This issue may occur when a potential buyer seeks a price benchmark and the only transaction to date was a few months prior. The result? It reflects low demand and the buyer doesn’t have the assurance that the property is easily sellable in the foreseeable future.

There are a few reasons why this phenomenon is extremely common — especially with older Freehold properties:

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1. Maintenance costs increase as the property ages

2. Wear and tear and the development starts surfacing

3. The rental and sale demand decreases as tenants and buyers tend to flock towards newer developments.

Clearly, it is crucial to understand the downsides of Freehold properties. Like 99-year properties, they too experience lease decay in intangible ways that might be unknown to most people.

3. The Ultimate CPF Cash-Out

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Assuming you’re 55, you’ve set aside the minimum sum, you’ve collected the 30 years’ worth of rent in cash, and the property is fully paid off with your CPF money, you can finally withdraw your CPF in cash.

What’s next?

Hold up! You’re forgetting that you won’t be getting your CPF cashback unless you sell your property! Why? Because the property is fully paid in CPF.

So, what happens now? Depending on the amount of CPF you have locked, the value of the property is how much you’ll get back.

What did I miss?

At this point, you’re holding onto a Freehold property you bought 30 years ago, but you can’t unlock the lump sum of the CPF that went into the property. What’s more, you’ve probably also missed out on the chance to buy the right property for capital appreciation because the short-term goal has always been to cash out your CPF before retirement using real estate and collecting rental.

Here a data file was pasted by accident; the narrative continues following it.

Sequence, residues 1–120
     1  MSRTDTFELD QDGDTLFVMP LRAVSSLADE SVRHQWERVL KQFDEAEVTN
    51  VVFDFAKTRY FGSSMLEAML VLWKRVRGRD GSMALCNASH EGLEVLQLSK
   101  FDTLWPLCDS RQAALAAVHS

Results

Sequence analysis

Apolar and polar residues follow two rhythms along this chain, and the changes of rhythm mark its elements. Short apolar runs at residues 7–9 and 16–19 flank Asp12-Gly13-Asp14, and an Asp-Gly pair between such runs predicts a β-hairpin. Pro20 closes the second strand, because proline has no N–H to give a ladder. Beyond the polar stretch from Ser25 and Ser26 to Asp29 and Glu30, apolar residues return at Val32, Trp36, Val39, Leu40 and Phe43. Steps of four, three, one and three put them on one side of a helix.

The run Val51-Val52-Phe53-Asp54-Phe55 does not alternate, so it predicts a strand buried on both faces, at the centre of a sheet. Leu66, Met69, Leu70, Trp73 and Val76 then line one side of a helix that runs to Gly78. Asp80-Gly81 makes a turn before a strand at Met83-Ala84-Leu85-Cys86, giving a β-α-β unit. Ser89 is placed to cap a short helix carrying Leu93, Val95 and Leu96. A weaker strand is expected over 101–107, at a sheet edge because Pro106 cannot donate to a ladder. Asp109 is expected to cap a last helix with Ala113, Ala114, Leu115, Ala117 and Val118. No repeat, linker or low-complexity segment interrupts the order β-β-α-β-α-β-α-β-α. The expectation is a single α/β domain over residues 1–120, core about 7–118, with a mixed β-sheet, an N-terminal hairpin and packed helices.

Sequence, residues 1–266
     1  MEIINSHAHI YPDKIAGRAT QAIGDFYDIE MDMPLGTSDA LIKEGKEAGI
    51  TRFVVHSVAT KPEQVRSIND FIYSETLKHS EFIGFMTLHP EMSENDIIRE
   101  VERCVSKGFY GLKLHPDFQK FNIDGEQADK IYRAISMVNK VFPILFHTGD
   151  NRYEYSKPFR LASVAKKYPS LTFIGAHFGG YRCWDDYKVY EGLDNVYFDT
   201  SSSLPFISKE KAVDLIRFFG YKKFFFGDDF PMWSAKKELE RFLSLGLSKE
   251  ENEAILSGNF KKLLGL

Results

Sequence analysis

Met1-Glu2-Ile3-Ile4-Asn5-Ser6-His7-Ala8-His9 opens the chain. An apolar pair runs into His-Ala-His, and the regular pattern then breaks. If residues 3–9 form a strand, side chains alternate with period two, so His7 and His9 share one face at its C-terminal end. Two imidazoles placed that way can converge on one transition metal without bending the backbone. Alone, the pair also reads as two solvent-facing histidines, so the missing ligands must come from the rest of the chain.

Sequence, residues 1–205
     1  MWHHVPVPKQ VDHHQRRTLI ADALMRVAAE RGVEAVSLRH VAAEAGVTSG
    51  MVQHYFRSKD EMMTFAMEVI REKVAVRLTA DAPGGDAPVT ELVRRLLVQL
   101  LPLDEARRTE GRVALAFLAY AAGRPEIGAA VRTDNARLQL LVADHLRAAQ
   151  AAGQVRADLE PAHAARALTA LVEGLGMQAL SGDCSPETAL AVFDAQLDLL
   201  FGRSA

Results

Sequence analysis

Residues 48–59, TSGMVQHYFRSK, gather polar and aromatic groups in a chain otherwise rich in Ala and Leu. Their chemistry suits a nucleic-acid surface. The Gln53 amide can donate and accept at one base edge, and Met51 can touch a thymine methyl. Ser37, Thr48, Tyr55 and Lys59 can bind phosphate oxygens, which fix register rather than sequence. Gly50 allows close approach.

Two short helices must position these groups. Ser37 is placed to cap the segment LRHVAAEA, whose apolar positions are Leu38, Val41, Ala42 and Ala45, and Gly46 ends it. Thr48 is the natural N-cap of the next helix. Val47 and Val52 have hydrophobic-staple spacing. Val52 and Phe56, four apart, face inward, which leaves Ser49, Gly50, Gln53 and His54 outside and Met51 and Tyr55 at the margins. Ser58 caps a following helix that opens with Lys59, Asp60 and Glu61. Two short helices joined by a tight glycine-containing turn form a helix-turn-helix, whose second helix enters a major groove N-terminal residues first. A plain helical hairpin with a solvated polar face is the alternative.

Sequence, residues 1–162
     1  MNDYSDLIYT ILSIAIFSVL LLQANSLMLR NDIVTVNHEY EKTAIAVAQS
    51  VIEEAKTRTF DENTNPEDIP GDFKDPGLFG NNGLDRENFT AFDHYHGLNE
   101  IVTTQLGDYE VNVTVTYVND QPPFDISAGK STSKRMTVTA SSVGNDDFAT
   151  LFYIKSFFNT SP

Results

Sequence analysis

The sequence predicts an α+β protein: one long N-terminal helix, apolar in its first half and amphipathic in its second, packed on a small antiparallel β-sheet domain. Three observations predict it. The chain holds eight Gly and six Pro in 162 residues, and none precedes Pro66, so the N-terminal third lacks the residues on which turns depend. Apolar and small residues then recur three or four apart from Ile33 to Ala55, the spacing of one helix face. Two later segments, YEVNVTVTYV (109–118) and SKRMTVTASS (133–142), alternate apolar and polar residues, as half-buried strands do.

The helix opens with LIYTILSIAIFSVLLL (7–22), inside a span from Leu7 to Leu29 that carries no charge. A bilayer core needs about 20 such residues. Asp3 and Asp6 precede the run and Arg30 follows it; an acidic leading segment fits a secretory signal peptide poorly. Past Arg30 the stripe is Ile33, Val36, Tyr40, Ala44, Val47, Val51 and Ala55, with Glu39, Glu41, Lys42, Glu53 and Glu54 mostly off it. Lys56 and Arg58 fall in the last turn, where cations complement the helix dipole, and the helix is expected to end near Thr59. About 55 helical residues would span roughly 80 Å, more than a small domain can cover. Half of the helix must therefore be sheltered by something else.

The whole point of buying the right property is to understand what is behind every possible door before making a drastic move. At the end of the day, the cost of owning a property can amount to hundreds, if not thousands, of dollars. That’s why buying a low demand property without adequate holding power can potentially put you in a situation where you’ll face difficulties selling when you need to.

Here’s a Tip!

Buy the property that you’ll eventually want to live in before the age of 35. This way, you’ll enjoy the maximum loan tenure. Before 35, you can reap the benefits of a capital appreciation on your property investment.

If you’d like to find out more about cashing in on your CPF and investing in property, feel free to contact me and we’ll have a non-obligatory consultation on your current situation and all the risks involved.